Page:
Brutalist Block Party – Hotel Hotel Presents: Brutti ma Buoni
Brutalist Block Party is a May-long program of talks, workshops, lunches, dinners, social situations and a weekly produce market – presented by Assemble Papers and Open House Melbourne.
Hotel Hotel has commissioned two new works. One for the eyes and one for the ears – a short film of Brutalist buildings, co-directed by Coco and Maximilian and U-P, and an accompanying sound piece by Speak Percussion that interprets them aurally. Together they work to observe and orchestrally arrange Brutalism.
What can we see when we really look at these monolithic structures in detail? What do their rough textures, shadows and unadorned geometries reveal? What might these beasts sound like? Cavernous and vast? Drone-like? Repetitive? Hypnotic? Oppressive, optimistic or sublime?
For this event, Hotel Hotel will screen the specially made filmic piece in conjunction with a musical performance, composed in response to the film’s visuals. The screening and performance will work together to create a different experience of Brutalism – one that doesn’t ask us what we think, one that doesn’t challenge what we know, but rather, that asks us to feel Brutalist architecture with our senses.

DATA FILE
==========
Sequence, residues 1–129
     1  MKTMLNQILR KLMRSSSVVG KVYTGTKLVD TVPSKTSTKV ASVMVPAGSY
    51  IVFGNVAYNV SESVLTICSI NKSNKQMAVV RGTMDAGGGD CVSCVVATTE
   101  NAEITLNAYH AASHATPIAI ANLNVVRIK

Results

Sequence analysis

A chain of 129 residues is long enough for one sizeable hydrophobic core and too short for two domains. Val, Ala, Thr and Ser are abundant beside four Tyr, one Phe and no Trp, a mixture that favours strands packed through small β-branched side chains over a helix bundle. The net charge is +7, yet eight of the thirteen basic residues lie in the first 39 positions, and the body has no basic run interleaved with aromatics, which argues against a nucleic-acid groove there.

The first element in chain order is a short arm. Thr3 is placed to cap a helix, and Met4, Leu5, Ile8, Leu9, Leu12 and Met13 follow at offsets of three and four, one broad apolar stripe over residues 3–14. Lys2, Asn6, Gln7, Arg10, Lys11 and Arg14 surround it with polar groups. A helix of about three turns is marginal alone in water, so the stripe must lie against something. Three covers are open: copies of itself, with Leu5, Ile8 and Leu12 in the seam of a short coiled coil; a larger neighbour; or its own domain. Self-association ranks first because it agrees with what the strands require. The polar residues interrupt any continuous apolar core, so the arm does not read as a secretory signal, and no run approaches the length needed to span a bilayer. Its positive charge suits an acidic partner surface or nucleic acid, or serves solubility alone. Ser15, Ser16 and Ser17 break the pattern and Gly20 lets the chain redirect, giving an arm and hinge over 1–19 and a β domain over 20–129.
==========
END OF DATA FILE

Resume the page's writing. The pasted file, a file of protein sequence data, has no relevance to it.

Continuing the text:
Hotel Hotel is a hotel. A place of collaborative craftsmanship conceived of and made by artists, makers, designers and fantasists. The 68 rooms are dressed with salvaged and restored 20th century Australian furniture, original artworks stockpiled over ten years, objects collected in nomadic times, and artisan made furnishings. The hotel’s public lounge is a series of nested spaces made of woven concrete lintels. The lounge houses a library, two fireplaces and the Monster kitchen and bar. The hotel sits in the environmentally thoughtful, pineapple shaped, Nishi building.
Brutalist Block Party is part of a broader Open House Melbourne program called ’What’s the beef with Brutalism?’ – a series of screenings, talks and tours that consider people’s beef with a Béton brut, explore the social significance of the style, and consider what is the new, new brutalism?